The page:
1991 — Hitchhiking, Richard Lethem
University of Southern Maine
*Please note this piece is no longer on view and has been returned to the artist
Richard Lethem (1991)
Richard Lethem created this painting and sculpture, collectively entitled Hitchhiking in the Glove of Night specifically for the Gorham student center when he was a visiting artist-in-residence at the USM Art Department in 1991.
An active painter and draftsman over the past 40 years, Lethem has shown nationally in numerous museum shows and has had 15 solo gallery exhibitions.
In 1984, Lethem began a body of work that graphically explored the nature of male violence in society and how it impacts the individual and his relationship to community. Homelessness and the need for sanctuary were the inspiration for the sculpture in the shape of both a glove and bench. During the Gulf War, when working on the painting, Lethem moved from concerns with institutional violence to the overt horrors of war such as the mutilation of individuals. Whether in a sanitized modern war or in the hidden despair of societal injustice, the individual suffers in Lethem's metaphorical images.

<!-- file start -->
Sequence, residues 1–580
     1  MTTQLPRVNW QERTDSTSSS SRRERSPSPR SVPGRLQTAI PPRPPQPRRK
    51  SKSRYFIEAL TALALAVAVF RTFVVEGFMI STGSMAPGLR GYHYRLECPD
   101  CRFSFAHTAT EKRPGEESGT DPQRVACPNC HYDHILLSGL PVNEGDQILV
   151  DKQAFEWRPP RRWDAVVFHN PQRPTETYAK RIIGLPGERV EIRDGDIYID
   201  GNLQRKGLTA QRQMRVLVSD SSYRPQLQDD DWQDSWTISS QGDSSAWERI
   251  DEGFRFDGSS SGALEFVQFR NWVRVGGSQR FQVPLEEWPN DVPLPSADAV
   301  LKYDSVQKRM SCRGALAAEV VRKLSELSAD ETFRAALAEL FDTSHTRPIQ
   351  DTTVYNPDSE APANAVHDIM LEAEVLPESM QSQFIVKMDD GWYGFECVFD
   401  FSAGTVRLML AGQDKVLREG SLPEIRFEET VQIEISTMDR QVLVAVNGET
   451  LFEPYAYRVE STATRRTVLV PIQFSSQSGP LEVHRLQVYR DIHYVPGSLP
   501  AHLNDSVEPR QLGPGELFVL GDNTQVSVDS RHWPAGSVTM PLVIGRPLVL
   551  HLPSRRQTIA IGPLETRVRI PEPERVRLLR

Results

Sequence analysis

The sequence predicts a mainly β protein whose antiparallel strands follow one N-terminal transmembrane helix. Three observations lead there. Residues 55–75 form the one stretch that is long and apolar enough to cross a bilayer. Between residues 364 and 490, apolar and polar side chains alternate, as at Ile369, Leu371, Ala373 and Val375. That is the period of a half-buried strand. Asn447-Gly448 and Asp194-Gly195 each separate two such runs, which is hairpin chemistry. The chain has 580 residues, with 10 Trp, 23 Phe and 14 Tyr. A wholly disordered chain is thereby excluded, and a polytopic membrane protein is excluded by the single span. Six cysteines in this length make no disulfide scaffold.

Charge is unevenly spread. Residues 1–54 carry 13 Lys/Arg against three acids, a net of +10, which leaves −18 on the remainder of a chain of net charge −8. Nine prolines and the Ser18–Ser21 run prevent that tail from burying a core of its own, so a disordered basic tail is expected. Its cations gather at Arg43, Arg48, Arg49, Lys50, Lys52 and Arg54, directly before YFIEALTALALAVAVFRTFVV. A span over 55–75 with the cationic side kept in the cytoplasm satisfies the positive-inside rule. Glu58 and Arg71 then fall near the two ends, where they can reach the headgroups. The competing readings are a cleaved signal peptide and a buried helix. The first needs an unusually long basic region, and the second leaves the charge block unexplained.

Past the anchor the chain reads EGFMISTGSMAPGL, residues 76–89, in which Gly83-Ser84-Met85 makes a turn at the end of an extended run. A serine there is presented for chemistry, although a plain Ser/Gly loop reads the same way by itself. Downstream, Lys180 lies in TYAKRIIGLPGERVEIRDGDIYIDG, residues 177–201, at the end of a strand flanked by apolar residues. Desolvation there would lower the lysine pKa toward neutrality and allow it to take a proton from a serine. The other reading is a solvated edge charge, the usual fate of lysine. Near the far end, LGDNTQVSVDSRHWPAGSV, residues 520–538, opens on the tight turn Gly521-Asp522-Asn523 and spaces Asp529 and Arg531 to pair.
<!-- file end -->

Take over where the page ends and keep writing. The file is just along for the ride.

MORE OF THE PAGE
His recent work since the USM residency has been aided by grants from the Millay colony for the Arts in 1992, the Hillwood Museum, the Ludwig Vogelstein Foundation and the Richard Florsheim Art Fund.
In 1994, Lethem moved to Berwick, Maine, where he currently lives and works. He shows at Aucocisco Gallery in Portland.